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Home / Articles / Views / Uncensored /  Drunk on power
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Thursday, August 23,2012

Drunk on power

By Pamela White

Before Boulder City Council convenes again, its members should ask themselves this question: To what degree should government burden local businesses in order to manipulate the behavior of adults?

 

On Tuesday, Aug. 21, City Council was asked to consider making life more difficult for business owners whose establishments serve alcohol to achieve uncertain gains in preventing adults from “binge drinking.”

Among the ideas they considered are: creating new zoning for businesses that serve booze; making businesses renew their liquor licenses every three years; and allowing no additional liquor licenses within 500 feet of the University of Colorado campus.

Implied in these changes is an increased intensity of law enforcement wherein the city does everything it can to trick wait staff into serving alcohol to underage informants or to people who appear to be drunk. After all, there’s no point in forcing people to renew their liquor licenses more frequently unless you plan to use it as an opportunity to shut them down.

The end result would be fewer new restaurants and bars, and business owners facing the burden of more frequent liquor license renewals — not good for the local food and drink industry and the people who rely on it for jobs.

The push — which has council member Ken Wilson and City Attorney Tom Carr written all over it — ostensibly comes from worries about alcohol abuse among CU students, who apparently engage in excessive drinking at a rate higher than the national average. Even though it’s a minority of CU students who do this, the suits downtown are alarmed by these statistics and want to do something to curb students’ behavior.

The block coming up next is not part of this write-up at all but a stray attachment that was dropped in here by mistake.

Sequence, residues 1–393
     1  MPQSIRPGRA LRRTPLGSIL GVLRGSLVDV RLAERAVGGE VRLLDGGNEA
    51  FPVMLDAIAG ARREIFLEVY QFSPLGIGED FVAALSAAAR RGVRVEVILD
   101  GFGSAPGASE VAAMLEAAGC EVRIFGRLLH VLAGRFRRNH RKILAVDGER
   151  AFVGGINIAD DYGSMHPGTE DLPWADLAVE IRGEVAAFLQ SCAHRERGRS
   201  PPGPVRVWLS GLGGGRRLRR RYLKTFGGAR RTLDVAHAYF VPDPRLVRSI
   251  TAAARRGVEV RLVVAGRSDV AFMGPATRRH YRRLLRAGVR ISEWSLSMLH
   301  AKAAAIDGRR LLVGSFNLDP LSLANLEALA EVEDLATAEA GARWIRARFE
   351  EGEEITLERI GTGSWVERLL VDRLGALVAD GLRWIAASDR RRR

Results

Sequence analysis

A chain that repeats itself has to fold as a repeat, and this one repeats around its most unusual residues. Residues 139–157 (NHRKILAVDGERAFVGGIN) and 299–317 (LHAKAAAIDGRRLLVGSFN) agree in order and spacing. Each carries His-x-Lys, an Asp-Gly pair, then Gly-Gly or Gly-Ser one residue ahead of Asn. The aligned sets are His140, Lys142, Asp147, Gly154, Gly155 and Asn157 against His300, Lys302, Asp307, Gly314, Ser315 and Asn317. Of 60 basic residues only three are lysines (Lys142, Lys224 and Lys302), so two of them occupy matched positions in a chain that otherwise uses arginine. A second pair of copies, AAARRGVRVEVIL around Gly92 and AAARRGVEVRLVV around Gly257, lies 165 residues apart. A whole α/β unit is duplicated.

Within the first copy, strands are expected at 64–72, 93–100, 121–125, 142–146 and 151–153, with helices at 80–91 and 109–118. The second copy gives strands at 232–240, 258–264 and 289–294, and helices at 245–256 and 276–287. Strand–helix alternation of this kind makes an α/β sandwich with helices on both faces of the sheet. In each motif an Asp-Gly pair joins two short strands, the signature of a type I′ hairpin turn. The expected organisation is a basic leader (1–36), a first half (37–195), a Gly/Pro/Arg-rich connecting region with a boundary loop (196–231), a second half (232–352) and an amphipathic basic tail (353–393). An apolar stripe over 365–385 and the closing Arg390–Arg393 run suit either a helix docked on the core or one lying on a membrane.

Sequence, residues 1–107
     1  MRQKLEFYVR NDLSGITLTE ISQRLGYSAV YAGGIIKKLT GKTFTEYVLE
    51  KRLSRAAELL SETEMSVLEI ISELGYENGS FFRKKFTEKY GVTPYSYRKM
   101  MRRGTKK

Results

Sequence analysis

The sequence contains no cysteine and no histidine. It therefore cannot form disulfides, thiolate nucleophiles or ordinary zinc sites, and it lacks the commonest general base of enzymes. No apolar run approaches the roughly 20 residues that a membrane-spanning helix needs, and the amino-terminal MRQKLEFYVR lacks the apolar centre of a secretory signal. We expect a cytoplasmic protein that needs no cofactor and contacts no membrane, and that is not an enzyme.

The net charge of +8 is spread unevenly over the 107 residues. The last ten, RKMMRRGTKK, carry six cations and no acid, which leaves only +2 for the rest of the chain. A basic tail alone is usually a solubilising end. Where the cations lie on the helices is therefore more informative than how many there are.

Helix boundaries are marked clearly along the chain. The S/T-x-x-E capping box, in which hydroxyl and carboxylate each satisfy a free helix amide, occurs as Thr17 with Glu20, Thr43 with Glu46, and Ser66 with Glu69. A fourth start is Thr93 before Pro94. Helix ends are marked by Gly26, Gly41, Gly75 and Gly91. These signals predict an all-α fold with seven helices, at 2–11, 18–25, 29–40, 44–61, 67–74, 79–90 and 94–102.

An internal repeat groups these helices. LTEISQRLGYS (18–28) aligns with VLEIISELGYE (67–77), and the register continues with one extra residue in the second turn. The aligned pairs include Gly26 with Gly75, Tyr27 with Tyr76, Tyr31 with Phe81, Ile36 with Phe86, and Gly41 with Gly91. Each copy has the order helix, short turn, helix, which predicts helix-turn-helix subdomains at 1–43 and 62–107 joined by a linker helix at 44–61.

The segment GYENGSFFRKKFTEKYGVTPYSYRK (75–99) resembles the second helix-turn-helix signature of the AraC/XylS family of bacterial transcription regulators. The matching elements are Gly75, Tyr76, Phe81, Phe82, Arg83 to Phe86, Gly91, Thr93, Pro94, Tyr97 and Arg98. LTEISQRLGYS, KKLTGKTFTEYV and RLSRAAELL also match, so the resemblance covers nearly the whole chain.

Well, good luck with that. It’s hard to believe this slate of suggested regulations will accomplish what alcohol education, arrests and tough university discipline for underage drinkers have not. City staff have even admitted they’re not sure these changes will be effective in coercing young adults to drink less, but they seem willing to give it a try.

The most idiotic of the suggested changes is arguably the proposed ban on new liquor licenses within 500 feet of CU campus. Believe it or not, col lege students do know how to call cabs, take buses and get rides from friends. How could this possibly be effective?

It won’t be. But it might channel drinkers away from University Hill, which would please Wilson. The council member has been flogging an antialcohol agenda for the Hill ever since he moved there, apparently unaware that University Hill was a student neighborhood. But I digress.

So let’s stop for a moment and unpack this. City staff are considering burdening businesses that serve alcohol with additional regulations, rules that have the potential to hurt our local economy, in order to prevent adults from “binge drinking” — a behavior that is not in itself illegal.

“Binge drinking” — periodic bouts of heavy drinking, i.e., more than four drinks for a woman or five for a man — is a problem identified and defined by people who like to identify and define problems that were previously not necessarily considered problems. While it’s true that binge drinking can be harmful if done frequently, it’s also common at most wedding receptions, wakes and summer barbecues.

It’s not that I don’t take alcoholism and alcohol abuse seriously. I do. Alcohol is involved in a high percentage of sexual assaults, partner assaults, fights, auto fatalities, cancers, liver problems and other social and health problems. When an irresponsible person drinks heavily, it can lead to tragedy that bleeds into other lives. But is every bout of “binge drinking” cause for alarm and government intervention? Of course not!

I question both the fairness and effectiveness of going after restaurants and bars to prevent unhealthy drinking by individuals who are in charge of their own lives, their own choices. Statistics aren’t the issue. It’s the principle that matters.

We already have laws that prohibit someone who is intoxicated from being served alcohol. We already have laws that ban the sale of booze to people under age 21. We have laws against drunk driving.

The city should focus on enforcing those laws instead of getting drunk on its own power to regulate.

Respond: letters@boulderweekly.com

This opinion column does not necessarily reflect the views of Boulder Weekly.

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